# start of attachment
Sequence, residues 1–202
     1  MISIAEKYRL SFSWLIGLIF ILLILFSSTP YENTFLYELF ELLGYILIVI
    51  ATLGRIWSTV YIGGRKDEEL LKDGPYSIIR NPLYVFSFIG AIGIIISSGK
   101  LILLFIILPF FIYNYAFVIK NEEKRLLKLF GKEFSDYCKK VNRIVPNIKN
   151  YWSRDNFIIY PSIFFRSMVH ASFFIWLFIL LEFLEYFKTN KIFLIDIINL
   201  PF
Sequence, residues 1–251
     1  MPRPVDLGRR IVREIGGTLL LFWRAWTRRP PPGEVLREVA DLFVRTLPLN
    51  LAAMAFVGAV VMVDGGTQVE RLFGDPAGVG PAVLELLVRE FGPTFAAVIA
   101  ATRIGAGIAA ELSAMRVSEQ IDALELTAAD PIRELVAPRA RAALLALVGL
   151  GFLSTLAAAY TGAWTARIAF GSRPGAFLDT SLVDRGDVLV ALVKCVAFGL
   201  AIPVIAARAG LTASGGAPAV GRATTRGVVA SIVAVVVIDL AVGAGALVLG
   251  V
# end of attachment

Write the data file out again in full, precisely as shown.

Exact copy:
Sequence, residues 1–202
     1  MISIAEKYRL SFSWLIGLIF ILLILFSSTP YENTFLYELF ELLGYILIVI
    51  ATLGRIWSTV YIGGRKDEEL LKDGPYSIIR NPLYVFSFIG AIGIIISSGK
   101  LILLFIILPF FIYNYAFVIK NEEKRLLKLF GKEFSDYCKK VNRIVPNIKN
   151  YWSRDNFIIY PSIFFRSMVH ASFFIWLFIL LEFLEYFKTN KIFLIDIINL
   201  PF
Sequence, residues 1–251
     1  MPRPVDLGRR IVREIGGTLL LFWRAWTRRP PPGEVLREVA DLFVRTLPLN
    51  LAAMAFVGAV VMVDGGTQVE RLFGDPAGVG PAVLELLVRE FGPTFAAVIA
   101  ATRIGAGIAA ELSAMRVSEQ IDALELTAAD PIRELVAPRA RAALLALVGL
   151  GFLSTLAAAY TGAWTARIAF GSRPGAFLDT SLVDRGDVLV ALVKCVAFGL
   201  AIPVIAARAG LTASGGAPAV GRATTRGVVA SIVAVVVIDL AVGAGALVLG
   251  V